Friday, August 12, 2005

I Smell A Rat

I wonder if President Bush would consider forming a commission to investigate the 9/11 Commission.

Here is disturbing news from the AP:
Atta Intelligence Omitted From Report

By KIMBERLY HEFLING, Associated Press Writer

WASHINGTON (AP) -- The Sept. 11 commission knew military intelligence officials had identified lead hijacker Mohamed Atta as a member of al-Qaida who might be part of U.S.-based terror cell more than a year before the terror attacks but decided not to include that in its final report, a spokesman acknowledged Thursday.

Al Felzenberg, spokesman for the commission's follow-up project called the 9/11 Public Discourse Project, had said earlier this week that the panel was unaware of intelligence specifically naming Atta. But he said subsequent information provided Wednesday confirmed that the commission had been aware of the intelligence. (link)

Many of us argued at that point in time when the commission was holding public hearings that it was corrupt to the core, with one of the primary contributors to the intelligence/law enforcement failure - one Jamie Gorelick - participating as one of the commissioners. The makeup of the commission on the Democratic side was a setup for a coverup from the beginning. Only now, long after the commission report was made public, a lengthy tome that (surprise!), found nobody to be at fault for our lapse in security that resulted in the terrorist attack, do we find out that the commission was provided with damning information and chose to keep it secret.

But this story isn't going away. Expect to hear a lot more about Jamie Gorelick. And about Clinton-era disregard for the well-being of the American citizenry that allowed Muslim extremists to slaughter 3000 innocent men, women, and children.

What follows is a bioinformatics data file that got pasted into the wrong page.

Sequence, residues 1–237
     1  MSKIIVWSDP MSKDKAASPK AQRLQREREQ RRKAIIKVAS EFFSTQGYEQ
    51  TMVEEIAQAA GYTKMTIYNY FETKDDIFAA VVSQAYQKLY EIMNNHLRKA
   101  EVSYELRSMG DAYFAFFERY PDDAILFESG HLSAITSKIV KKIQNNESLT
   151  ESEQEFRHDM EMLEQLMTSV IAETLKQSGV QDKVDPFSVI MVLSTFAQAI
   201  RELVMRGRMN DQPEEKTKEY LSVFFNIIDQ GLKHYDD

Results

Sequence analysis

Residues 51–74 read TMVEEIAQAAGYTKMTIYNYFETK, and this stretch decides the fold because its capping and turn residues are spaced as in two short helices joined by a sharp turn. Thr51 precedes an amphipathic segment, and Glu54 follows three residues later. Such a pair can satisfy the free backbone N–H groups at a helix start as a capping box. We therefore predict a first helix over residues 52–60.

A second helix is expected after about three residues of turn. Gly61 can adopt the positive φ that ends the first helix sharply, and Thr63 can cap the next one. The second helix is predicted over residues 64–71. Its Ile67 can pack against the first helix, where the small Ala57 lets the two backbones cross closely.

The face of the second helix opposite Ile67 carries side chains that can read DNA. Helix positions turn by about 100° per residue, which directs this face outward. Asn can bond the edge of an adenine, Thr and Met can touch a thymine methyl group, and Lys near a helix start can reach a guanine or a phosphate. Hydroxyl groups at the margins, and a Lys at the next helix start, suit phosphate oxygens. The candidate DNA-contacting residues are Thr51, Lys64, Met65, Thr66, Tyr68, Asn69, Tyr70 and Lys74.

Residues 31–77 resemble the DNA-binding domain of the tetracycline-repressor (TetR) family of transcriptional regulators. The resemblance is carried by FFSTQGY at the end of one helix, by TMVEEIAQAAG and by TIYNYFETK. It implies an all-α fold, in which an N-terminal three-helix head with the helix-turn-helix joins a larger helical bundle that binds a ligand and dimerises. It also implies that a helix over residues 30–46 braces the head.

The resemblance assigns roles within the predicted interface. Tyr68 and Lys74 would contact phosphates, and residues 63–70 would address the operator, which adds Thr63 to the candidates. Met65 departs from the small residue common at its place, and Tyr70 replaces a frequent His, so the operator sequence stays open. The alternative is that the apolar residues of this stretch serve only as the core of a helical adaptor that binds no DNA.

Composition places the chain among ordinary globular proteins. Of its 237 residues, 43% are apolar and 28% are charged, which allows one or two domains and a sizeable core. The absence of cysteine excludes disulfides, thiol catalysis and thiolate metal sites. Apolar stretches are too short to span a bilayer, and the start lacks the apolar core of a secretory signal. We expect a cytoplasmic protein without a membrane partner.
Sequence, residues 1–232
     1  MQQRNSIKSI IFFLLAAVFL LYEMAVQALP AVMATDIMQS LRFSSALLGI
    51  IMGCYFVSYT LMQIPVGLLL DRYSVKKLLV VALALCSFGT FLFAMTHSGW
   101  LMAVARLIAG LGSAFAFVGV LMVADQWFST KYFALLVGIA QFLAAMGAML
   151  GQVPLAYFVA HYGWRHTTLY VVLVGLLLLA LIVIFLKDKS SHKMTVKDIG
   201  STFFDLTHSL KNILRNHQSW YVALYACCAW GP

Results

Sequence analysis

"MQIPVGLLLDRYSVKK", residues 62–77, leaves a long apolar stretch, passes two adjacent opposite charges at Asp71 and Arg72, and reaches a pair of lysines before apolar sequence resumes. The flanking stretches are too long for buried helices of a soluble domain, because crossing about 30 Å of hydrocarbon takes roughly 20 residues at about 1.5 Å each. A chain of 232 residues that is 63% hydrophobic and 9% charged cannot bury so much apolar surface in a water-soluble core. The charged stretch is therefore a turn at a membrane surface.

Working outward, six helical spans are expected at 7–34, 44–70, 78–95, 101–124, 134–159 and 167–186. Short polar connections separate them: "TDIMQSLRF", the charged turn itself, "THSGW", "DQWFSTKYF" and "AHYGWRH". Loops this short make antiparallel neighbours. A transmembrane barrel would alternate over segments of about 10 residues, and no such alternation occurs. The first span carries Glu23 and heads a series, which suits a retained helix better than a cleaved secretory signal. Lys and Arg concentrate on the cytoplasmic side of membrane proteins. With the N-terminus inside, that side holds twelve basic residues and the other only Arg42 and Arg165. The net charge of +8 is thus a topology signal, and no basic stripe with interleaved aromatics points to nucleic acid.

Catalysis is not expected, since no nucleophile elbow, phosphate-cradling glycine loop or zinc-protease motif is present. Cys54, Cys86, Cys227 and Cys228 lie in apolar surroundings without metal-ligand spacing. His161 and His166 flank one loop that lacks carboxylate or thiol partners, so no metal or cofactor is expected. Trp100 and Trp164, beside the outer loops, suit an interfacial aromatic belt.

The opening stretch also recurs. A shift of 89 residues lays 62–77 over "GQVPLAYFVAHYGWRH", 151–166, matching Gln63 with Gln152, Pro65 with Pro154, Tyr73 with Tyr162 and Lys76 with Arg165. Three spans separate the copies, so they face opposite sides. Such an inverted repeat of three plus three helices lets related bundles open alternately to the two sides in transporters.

If our government can't be trusted to launch a legitimate investigation into their failures, we'll do it without them.

An Airport Only a Dandelion Could Love

The Roanoke Times reveals (at least to me) a rather pernicious attempt on the part of the Franklin County, Virginia Board of Supervisors to exercise their power of eminent domain and condemn 330 acres belonging to 18 landowners for the potential construction of a general aviation airport.

The Times rightly denounces the effort:
An eminently weak case for an airport

Franklin County land takings for uncertain public benefit would be an abuse of eminent domain.

Franklin County apparently has a suitable site for a general-aviation airport. It apparently can get the federal government to pay much of the cost to build it.

One crucial ingredient is still missing, however: a plausible argument that the public benefit would be broad and extensive enough to justify using the power of eminent domain to take hundreds of acres from 18 landowners.

... land takings in pursuit of such vague, uncertain community benefits -- and quite specific benefits for a well-to-do few -- look distressingly similar to the abusive exploitation feared by critics of the high court's ruling.

If a more substantial case can be made for the airport as an economic development asset, supporters should make it.

Without far better evidence, Franklin County's elected officials have no business using eminent domain to take land from unwilling owners. (
The Times is right, of course, to put the smackdown on Franklin County's lamentable interest in economic development through the creation of an airport that will sprout plenty of weeds but nary a job for the hard-pressed area.

And as for the wealthy who might benefit from the airport, my guess is they'll do just fine without all the help. They can jet into Roanoke or they can helicopter into Smith Mountain Lake.

My suggestion to all concerned is: Let's first give them a reason to want to.